Origins of the Chaine des Rotisseurs

At the time when guilds built the cathedrals, Europe also experienced the beginnings of fine music, literature, painting, theatre, the fine arts and also the art of cooking. The guilds set up their internal structures with Apprentices, Journeymen, and Masters, titles which were awarded after presenting a ' masterpiece' to their peers.

In 1248, Saint Louis, King of France, thanked the craftsmen which had contributed towards the construction of the Sainte Chapelle by founding the guild of the 'oyeurs', the geese roasters, because geese were a poultry greatly appreciated during the Middle Ages. The royal award together with the coat of arms for the master rotisseurs was bestowed in 1610. During five centuries the Brotherhood of the Roasters cultivated and developed culinary art until it was disbanded together with all the other guilds in 1793 by the French Revolution.

Fortunately, this was not the end of culinary art after World War Two, five French gastronomes decided to revive the spirit of the old guild and in 1950 the Confrerie de la Chaine des Rotisseurs was formed in Paris under the guidance of Curnonsky, A. Becart, J. Valby, L. Giraudon and M. Dorin.

This association of people dedicated to the art of fine cooking devoted itself to developing and promoting gastronomic values with special emphasis on skewer and grilled dishes whilst at the same time widening its focus to table art in the broadest sense of the word.

By reviving the traditions most deeply rooted in French culture, which Brillat Savarin pertinently described in his 'Physiology of Taste' by the words: ' you are born a rotisseur and you become a cook', the Chaine des Rotisseurs is restoring a heritage which was never really lost. Through its presence in 120 countries this organisation is spreading French culinary values throughout the world and asserting France's international role in the field of culinary art.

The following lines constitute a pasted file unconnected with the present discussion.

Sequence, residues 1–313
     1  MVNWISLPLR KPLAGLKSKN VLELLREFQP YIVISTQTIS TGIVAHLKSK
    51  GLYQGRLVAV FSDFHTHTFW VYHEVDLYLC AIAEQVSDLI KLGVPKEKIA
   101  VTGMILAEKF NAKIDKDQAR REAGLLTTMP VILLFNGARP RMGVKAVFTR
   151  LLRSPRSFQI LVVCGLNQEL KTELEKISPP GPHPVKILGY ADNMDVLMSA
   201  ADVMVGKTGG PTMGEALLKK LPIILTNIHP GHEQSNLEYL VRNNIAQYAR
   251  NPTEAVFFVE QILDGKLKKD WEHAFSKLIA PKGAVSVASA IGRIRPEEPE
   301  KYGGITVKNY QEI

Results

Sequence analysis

“The Founding Days…How it all began” by Fil Juntereal

It all began with a bottle each of 1969 Chateau Mouton-Rothschild and 1973 Grunlack Schloss Johannisberger sent to my Hugo’s restaurant table with the compliments of the Hyatt Hotel general manager. It was early in 1975 – I was commencing my Singapore Posting, and was at dinner with my wife, Chit, and my visiting New York head office CEO in the Hyatt, where we were billeted for over a month while impatiently waiting out the completion of some major repair work to our newly leased government bungalow in Adam Park. I was stupendously flattered by the munificent gesture that I promptly called the following morning on then Hyatt general manager Bernd Chorengel to personally convey my appreciation for the previous evening’s gift of delicious nectar. It was a warmly cordial meeting which pleasurably and lengthily took a turn to talks on the wines of the Rheingau, gastronomy in general, and – the notion of forming a Singapore chapter of the Confrérie de la Chaîne des Rôtisseurs. Parenthetically, I was Senechal of the Bailliage des Philippines when it was originally established in 1972, eventually becoming Bailli des Philippines until my transfer in 1975 to my company’s Singapore Southeast Asia regional office.

Bernd was most enthusiastic and wholly supportive in his reaction to the idea of a Chaîne presence in Singapore, and after further discussions of the history of the Chaîne and germane membership and operational guidelines, he cited the following names to constitute the nucleus of the Singapore chapter: Hilton GM Lim Ewe Hin, Jeffrey Cheam, Bobby Lim, Chandran Arul, Shangri-La GM Larry Magnan. Subsequent meetings of the group generated additional personalities, namely: Kenneth Chia, Bill Goie, Alex Eu, Bill Chen, Howe Soo Kee, Chefs Christian Schild (Holiday Inn), Martin Maese (Mandarin Hotel), Leo Waldmeir (Hilton Hotel), Marco Polo GM Dario Regazzoni and Oberoi GM John Esterhaszy.
With the fundamental membership and organizational issues resolved, I initiated an exchange of correspondence with the Chaîne siege mondial in Paris which culminated a few months later in a visit to Singapore by Grand Chancelier Jean Valby along with Rene Gessler, Administrator of “Bonne Table”, the official organ of the Chaîne des Rôtisseurs. Bernd Chorengel hosted a superb lunch at the Hyatt following the installation by the Grand Chancelier of the following officers and members of the Singapore Chapter: French Ambassador to Singapore Jacques Gasseau, Chevalier d’Honneur; Fil Juntereal, Bailli Délégué; Bernd Chorengel, Chancelier; Bobby Lim, Argentier; Lim Ewe Hin, Charge de Presse; Larry Magnan, Conseiller Culinaire; Dario Regazzoni, Conseiller Gastronomique; George Savio, Martin Maese, Harro Preuss and Christian Schild, Chef Rotisseurs.
The luncheon menu orchestrated by chef Harro Preuss was outstanding and deservedly merited a special commendation from the Grand Chancelier. Marla Chorengel, Bernd’s wife, unselfishly provided her personal Waterford wine glass service for the exceptional 1970 Corton Charlemagne Comtes de Grancey (my scribbled note on this wine from Bobby Lim: “a great wine of the highest class, distinguished, pale gold, tremendous bouquet and flavor”). During the lunch, a waiter inadvertently broke one of Marla’s Waterford glasses: a veritable harbinger of the many, many years of bon appétit and genuine fellowship ahead of the Chaîne Singapore chapter.

Fil Juntereal